If it’s all gonna be a dumpster fire anyway, you may as well just start hand-translating the type and interface definitions into your language. That’s basically what we do in Rust all day every day! Like yeah people use rust-bindgen and friends to automate some of this stuff, but a lot of the time the definitions get checked in or hand-tweaked because life is too short to try to get someone’s weird bespoke C build system working portably.

Hey Rust, what’s intmax_t on x64 linux?

pub type intmax_t = i64;

Cool! End of story!

Hey Nim, what’s long long on x64 linux?

clonglong {.importc: "long long", nodecl.} = int64

Cool! End of story!

A lot of code has completely given up on keeping C in the loop and has started hardcoding the definitions of core types. After all, they’re clearly just part of the platform’s ABI! What are they going to do, change the size of intmax_t!? That’s obviously an ABI-breaking change!

Oh yeah what was that thing phantomderp was working on again?

We talked about how intmax_t can’t be changed because some binary, somewhere, would lose its mind and use the wrong calling convention / return convention if we changed from e.g. long long (64-bit integer) to __int128_t (128-bit integer). But is there a way that - if the code opted into it or something - we could upgrade the function calls for newer applications while leaving the older applications intact? Let’s craft some code that test the idea that Transparent Aliases can help with ABI.

Fuuuuuuuucccccccckkkkkkkkkk Fuck Fuck Fuck Fuck FUUUUUCK

So like, yeah their article is really good and working on some very real and very important problems but… how would programming languages even deal with this change? How would you specify which version of intmax_t you interoperate with? If some C header you have refers to intmax_t, which definition is it using?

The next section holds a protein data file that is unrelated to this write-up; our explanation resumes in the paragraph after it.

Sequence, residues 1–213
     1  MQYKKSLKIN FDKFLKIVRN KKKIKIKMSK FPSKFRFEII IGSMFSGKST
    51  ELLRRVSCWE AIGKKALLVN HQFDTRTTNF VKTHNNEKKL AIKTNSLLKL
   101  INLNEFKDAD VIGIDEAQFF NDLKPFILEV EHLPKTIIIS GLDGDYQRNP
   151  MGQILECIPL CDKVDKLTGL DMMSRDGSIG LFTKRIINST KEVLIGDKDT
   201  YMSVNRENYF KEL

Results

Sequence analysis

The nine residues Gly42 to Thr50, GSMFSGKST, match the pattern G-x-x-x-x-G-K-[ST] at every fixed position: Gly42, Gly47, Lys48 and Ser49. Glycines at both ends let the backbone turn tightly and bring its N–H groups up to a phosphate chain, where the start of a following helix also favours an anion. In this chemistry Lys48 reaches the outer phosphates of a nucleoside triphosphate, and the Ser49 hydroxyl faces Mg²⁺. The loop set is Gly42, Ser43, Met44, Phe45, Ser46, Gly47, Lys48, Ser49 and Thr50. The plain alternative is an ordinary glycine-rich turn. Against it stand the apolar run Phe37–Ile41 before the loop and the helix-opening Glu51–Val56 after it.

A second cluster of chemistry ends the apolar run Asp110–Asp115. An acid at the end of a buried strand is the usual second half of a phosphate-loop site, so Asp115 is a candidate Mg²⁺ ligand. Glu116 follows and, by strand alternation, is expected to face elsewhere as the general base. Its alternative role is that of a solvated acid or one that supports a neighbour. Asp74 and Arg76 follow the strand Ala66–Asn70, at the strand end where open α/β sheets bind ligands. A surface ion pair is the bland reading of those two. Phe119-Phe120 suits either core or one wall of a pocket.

The primary mechanism we have for talking about platforms with different ABIs are target triples. You know what’s one target triple? x86_64-unknown-linux-gnu. You know what that covers? Basically every major desktop/server linux distro from the last 20 years. Right now you can ostensibly compile for that target and get a binary that “just works” on all those platforms. I do not believe this would be the case if some programs were compiled believing intmax_t was larger than int64_t.

Would any platform that tries to make this change become a new target triple? x86_64-unknown-linux-gnu2? Would that even be enough if anything compiled against x86_64-unknown-linux-gnu was allowed to run on it?

Changing Signatures Without Breaking ABIs

“So what, does C never get to improve anymore?”

No! But also, Yes! Because they shipped bad designs.

Making ABI-compatible changes is, honestly, a bit of an art form. Part of that art is preparedness. Specifically it’s much easier to make changes that don’t break ABI if you’re prepared for them.

As phantomderp’s article notes, things like glibc (the g is the gnu in x86_64-unknown-linux-gnu) have long understood this and use mechanisms like symbol versioning to update signatures and APIs while keeping the old versions around for anyone compiled against older versions of itself.

So if you have int32_t my_rad_symbol(int32_t), you tell the compiler to export this as my_rad_symbol_v1, and anyone who compiles against your headers will write my_rad_symbol in their code but link against my_rad_symbol_v1.

Then when you decide Actually It Should Use int64_t then you can make int64_t my_rad_symbol(int64_t) as my_rad_symbol_v2 but keep around the old definition as my_rad_symbol_v1. Anyone who compiles against newer versions of your header will happily use the v2 symbol, while anyone compiled against the older version will continue to use v1!